The era of V8 Supercars dominance by Triple Eight RaceEngineering has come to an end.
That is the brutally honest assessment by Roland Dane, theteam owner and driving force behind an operation which has won four V8Supercars championships in the last five years and five Bathurst 1000s in thelast seven.
“I don’t believe we will be dominant in the way it hashappened in the past sometimes, be it HRT or Stones or us over the years,” hetold v8supercars.com.au.
It might seem a harsh call considering Jamie Whincup leadsthe championship after two events and teammate Craig Lowndes is third.
But in eight races this year – including the fournon-championship Australian grands prix sprints – Lowndes has won once andWhincup is yet to score a victory in his new Red Bull Racing Australia HoldenVF Commodore.
And at Symmons Plains last weekend in the Tasmania MicrosoftOffice 365, Whincup and Lowndes could manage only one podium between them overthe three soft tyre sprints that made up the event.
However, if either Lowndes or Whincup win a race thisweekend it will bring up T8’s 50th win since swapping from Ford toHolden in 2010. Claim two and it will be 100 since entering the championship in2003.
And if Lowndes wins one race, taking his tally to 91, hepasses Mark Skaife at the top of the championship all-time winners lost.
Dane says the arrival of the Car of the Future technicalregulations in 2013, which control and commonise many parts, is fundamental toTriple Eight’s slide from dominance.
“Part of the whole reason for Car of the Future was to tryand ensure the playing field is as level as reasonably possible in the sport,”said Dane. “And we always knew that being able to be dominant, for instance theway FPR and Triple Eight were last year, was highly unlikely to happen.
“It will be harder (to win) this year because, for instance,the rear-end of the car everyone has the same options. There are fewer variablesto play with, and there is an awful lot of good machinery up and down pitlane.”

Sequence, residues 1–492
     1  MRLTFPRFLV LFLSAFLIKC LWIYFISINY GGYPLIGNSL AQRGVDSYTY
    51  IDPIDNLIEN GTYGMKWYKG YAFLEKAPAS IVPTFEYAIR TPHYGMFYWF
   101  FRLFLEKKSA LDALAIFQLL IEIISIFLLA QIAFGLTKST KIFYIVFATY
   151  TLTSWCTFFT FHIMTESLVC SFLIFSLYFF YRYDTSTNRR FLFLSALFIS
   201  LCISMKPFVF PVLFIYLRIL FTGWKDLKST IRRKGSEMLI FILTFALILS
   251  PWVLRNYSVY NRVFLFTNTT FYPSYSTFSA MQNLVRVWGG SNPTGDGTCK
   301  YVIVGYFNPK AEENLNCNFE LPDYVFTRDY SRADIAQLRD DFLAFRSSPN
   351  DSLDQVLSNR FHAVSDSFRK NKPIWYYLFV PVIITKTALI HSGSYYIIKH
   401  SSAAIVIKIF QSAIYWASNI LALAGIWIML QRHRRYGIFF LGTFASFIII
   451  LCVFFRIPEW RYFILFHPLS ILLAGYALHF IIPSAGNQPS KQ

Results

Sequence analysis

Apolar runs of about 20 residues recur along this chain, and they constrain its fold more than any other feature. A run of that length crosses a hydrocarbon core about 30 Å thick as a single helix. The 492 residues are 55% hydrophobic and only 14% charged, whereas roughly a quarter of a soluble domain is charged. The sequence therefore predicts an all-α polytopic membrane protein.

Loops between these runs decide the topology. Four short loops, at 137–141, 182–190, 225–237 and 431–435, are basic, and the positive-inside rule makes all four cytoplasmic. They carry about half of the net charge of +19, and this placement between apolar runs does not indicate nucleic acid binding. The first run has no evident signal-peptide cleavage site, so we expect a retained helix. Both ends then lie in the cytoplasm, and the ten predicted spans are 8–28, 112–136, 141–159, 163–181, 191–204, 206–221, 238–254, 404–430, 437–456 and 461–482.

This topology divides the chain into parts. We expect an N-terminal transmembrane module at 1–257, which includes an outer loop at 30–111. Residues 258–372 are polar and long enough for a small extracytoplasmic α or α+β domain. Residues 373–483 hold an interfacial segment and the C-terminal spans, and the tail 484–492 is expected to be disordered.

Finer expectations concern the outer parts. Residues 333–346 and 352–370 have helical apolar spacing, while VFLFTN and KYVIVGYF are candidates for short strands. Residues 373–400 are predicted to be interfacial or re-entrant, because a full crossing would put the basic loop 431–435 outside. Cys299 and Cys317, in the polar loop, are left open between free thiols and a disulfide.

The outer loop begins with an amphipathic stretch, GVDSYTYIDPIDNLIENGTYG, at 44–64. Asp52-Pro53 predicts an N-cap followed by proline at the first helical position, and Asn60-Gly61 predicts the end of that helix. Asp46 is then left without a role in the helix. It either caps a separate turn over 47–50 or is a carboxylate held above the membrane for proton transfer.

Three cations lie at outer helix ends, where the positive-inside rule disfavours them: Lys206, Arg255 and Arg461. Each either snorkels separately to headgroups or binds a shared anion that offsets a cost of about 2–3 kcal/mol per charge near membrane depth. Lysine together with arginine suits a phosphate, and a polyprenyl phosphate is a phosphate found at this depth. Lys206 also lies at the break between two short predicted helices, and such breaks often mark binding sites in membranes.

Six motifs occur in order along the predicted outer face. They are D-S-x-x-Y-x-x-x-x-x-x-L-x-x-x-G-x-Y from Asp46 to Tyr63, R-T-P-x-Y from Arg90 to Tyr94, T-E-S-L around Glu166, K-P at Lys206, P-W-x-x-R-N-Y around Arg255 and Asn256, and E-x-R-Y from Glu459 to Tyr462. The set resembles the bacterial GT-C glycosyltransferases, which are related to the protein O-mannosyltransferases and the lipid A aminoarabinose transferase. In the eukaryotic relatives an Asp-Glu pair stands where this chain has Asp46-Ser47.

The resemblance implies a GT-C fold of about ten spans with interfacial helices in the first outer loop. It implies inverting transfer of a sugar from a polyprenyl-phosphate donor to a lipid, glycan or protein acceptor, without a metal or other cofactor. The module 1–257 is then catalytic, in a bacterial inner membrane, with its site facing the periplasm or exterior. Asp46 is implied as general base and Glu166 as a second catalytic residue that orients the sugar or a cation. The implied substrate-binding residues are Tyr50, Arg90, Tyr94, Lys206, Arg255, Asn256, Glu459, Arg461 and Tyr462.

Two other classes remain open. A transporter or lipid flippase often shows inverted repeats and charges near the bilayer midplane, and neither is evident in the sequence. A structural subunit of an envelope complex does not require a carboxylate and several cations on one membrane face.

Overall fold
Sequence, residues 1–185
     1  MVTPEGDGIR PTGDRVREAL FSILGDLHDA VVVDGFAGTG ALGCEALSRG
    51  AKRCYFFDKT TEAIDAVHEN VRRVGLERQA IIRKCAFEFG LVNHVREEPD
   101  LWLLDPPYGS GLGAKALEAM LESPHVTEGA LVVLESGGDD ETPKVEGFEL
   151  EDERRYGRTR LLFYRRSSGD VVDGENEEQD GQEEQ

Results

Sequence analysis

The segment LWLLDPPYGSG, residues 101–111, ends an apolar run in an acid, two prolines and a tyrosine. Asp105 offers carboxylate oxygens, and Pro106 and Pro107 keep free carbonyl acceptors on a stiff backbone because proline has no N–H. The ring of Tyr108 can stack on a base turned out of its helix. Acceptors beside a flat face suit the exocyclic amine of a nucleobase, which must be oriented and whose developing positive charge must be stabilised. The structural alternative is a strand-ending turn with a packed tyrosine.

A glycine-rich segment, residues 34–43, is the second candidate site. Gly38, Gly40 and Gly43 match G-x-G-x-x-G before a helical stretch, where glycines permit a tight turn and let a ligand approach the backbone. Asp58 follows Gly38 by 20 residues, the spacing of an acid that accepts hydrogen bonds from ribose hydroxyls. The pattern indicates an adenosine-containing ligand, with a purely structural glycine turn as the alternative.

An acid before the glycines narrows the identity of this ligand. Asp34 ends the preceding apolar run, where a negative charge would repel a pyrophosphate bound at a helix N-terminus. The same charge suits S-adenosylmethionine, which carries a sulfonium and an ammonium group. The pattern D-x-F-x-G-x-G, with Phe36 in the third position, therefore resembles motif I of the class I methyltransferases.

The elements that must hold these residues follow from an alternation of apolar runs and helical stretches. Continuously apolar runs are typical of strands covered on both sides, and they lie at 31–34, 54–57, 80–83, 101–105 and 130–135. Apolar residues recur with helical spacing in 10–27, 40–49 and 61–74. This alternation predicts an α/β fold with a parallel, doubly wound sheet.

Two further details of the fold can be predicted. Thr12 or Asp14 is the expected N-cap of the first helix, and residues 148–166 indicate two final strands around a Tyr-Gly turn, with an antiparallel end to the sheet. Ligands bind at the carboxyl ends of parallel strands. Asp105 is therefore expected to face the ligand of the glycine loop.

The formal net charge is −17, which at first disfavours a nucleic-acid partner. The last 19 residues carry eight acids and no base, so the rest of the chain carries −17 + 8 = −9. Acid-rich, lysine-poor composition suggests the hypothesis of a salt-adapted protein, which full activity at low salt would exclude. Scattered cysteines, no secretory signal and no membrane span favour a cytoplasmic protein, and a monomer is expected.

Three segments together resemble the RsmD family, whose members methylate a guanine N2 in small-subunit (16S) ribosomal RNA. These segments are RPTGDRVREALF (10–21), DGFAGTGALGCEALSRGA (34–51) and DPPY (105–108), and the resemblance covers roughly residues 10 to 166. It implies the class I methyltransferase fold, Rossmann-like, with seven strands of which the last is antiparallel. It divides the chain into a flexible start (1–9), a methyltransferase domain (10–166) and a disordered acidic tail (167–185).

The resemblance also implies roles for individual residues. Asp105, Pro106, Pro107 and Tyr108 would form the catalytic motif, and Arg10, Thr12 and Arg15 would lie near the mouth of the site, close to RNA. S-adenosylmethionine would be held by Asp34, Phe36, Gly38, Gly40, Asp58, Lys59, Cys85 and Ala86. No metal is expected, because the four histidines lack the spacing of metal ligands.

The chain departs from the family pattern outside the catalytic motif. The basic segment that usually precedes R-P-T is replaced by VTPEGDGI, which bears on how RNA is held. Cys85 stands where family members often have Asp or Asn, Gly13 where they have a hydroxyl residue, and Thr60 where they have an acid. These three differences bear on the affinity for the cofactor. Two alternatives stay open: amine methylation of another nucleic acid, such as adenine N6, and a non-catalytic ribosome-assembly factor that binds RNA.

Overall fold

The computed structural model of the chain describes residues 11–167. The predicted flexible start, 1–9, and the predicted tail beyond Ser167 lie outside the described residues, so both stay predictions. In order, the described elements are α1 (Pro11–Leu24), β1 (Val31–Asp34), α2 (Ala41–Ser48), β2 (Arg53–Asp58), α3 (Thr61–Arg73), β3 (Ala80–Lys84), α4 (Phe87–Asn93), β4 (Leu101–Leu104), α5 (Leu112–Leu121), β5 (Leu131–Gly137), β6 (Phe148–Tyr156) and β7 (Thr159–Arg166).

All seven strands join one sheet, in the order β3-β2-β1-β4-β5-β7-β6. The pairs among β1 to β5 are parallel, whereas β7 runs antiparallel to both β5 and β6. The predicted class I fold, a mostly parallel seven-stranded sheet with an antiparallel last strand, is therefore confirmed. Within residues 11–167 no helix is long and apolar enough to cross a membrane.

In the shorter term the Triple Eight engineering team’sstruggle to come to terms with the soft tyre is a major issue. At SymmonsPlains, Brad Jones Racing won all three races via Fabian Coulthard and JasonBright.
“Our ultimate car speed is behind the Brad Jones cars at themoment,” conceded Dane. “They have done a better job of getting to where theyare on the soft tyre particularly.”
Part of BJR’s success has been attributed to the commerciallyavailable Triple Eight front-end suspension system it runs in its Commodores,while T8 also supplies complete cars to Lucas Dumbrell Motorsport and TeknoAutosports. Shane van Gisbergen beat home Whincup and Lowndes for victory inrace two at the Clipsal 500 in his Tekno VIP Pet Foods Commodore.
But Dane is philosophical about helping the competition beathis own factory-backed Holdens.
“That’s our choice so I am pretty relaxed about it,” hesaid. “It is up to us to do a better job and carry on to improve the parts andimprove what we do... Often the problem is not getting to the top it is stayingat the top.”
With a hectic schedule of local and international racinglooming, Dane said Triple Eight was unlikely to test again until after theTownville event in July. But he said development of the team’s race cars wouldbe continuous.
“You can do things away from the track in terms ofsimulations etcetera and we will be looking very closely at what our optionsare. We will try things in practice sessions, we won’t stand still that’s forsure.”